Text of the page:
Are you still reading Mojo? I read somewhere you’re a fan of that magazine.
“I haven’t actually read it for a long time. I had to let it go, it was definitely an addiction for a while. It was just so fun to read about the making of records, that aspect of the record. Just today I was doing an interview with someone about a Fugazi record. A record I can’t remember anything of. So as much as I love reading that about other people I’m definitely the member of the band that actually can’t really add very much to what happened.”

In their element

Fugazi spoke of playing live as their true calling. Their records as merely documents of the ever-evolving state of the band, a snapshot of what was happening on the road.

Canty, Lally, MacKaye and Picciotto played a frightening amount of shows in the early days of the band, and never used a setlist.

This should have meant wildly inconsistent gigs with false starts, bum notes and constant apologies. Instead the band had honed their ability to call up any song from their catalogue in a second, and on their best nights the music would flow furiously in six song chunks, the attention switching between Picciotto and MacKaye with each new song.

A tiny amount of songs stayed out of the rotation. Polish, from Steady Diet Of Nothing (“At this point none of us have any idea how to play it and none of us really like it much”), Latest Disgrace, from Red Medicine (“for some reason we never have had it fit in with the shows that well. Its a bit of a mystery”) and a few of the band’s earliest songs (In Defense of Humans, Turn Off Your Guns, The Word).

Their insistence on non-sociopathic behaviour meant hecklers and violent moshers were politely talked down. This seemed to invite challenge:

Chunklet compilled some of the band’s on-stage banter with surprisingly listenable results

My highlight is this candid treatise from Picciotto:

“I’m wearing an inordinate amount of Bengay tonight and it’s making me kind of agitated. And I think it has to do with when I was at summer camp when I was a kid and I was playing street hockey. I pulled a muscle in my inner thigh, and they had an English nurse in the camp and she put Bengay on my thigh. Now I think I’m in some kind of weird erotic nostalgia and it’s dementing my mind.”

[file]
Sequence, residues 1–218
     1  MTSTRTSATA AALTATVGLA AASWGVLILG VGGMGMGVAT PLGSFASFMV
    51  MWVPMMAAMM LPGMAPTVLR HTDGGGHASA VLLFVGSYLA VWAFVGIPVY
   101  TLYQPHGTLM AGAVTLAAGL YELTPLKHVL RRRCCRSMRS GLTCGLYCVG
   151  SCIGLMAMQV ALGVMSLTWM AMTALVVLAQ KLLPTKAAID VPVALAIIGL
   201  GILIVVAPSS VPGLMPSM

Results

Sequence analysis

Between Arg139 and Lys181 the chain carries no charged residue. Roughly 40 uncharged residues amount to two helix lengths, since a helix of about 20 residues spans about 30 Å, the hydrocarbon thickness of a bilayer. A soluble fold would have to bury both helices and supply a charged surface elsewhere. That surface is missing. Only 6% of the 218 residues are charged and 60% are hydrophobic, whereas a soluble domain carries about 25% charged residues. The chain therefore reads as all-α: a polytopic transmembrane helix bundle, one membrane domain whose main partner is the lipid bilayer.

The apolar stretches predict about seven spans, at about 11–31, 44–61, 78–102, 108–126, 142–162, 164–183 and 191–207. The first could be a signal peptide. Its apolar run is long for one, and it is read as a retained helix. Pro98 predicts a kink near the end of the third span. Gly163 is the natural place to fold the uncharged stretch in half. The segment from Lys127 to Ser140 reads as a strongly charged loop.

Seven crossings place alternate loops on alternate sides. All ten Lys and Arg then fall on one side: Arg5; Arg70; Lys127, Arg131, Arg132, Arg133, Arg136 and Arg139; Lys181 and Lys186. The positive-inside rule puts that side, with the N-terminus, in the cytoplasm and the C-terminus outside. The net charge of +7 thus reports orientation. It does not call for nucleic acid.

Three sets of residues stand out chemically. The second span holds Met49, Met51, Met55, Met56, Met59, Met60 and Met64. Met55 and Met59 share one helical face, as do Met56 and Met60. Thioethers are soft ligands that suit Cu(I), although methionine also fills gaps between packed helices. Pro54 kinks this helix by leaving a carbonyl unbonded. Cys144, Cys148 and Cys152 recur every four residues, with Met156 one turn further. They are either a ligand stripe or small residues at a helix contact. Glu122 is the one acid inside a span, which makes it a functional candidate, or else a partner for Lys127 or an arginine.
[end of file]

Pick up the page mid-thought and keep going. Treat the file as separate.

After the band announced their hiatus they released 30 recordings of shows from various points of their career as the Fugazi Live Series. Plans to digitise these and hundreds of other shows and make them available through the Dischord website are in the works. 

The two frontmen were a study in contrasts: while MacKaye would go in for anything from a knock-kneed Lindy hop to Townshendian guitar leaps, Picciotto chewed the scenery – he fell all over the place, humped the stage, climbed the amps, contorted his body like a Gumby doll. MacKaye dressed in drab baggy clothes; Picciotto would sport tight black jeans… MacKaye’s sober athleticism found its polar opposite in Picciotto’s almost hammy sensuality, a formidable yin and yang that powered the band’s galvanic performances.

Michael Azerad on Fugazi live. From his book Our Band Could Be Your Life.

Track

Long Division

Artist

Fugazi

Album

Steady Diet Of Nothing

In 1999, when a “blog” was merely a lumberjack’s portmanteau for a big log, Flea kept an “internet diary” on the Red Hot Chili Peppers’ official website.

The section was called Fleamail (a delicious pun). He would talk about popping into the RHCP chatroom and no-one believing it was him, missing his dogs on the road and his “spiritual energy”.

He’d also talk about bands he liked, and after the third or fourth glowing mention of Fugazi I made a note to check them out, because I liked Flea a lot and he spoke about them so reverently.

I found 1991’s Steady Diet of Nothing in a Tower Records while visiting New York, having not yet figured out where the good record shops were back home in London (or New York, apparently). To my mid-teenage chili-peppered ears it was gloomy, cold and unknowingly oblique. It’s still probably the worst introduction you could have to the band.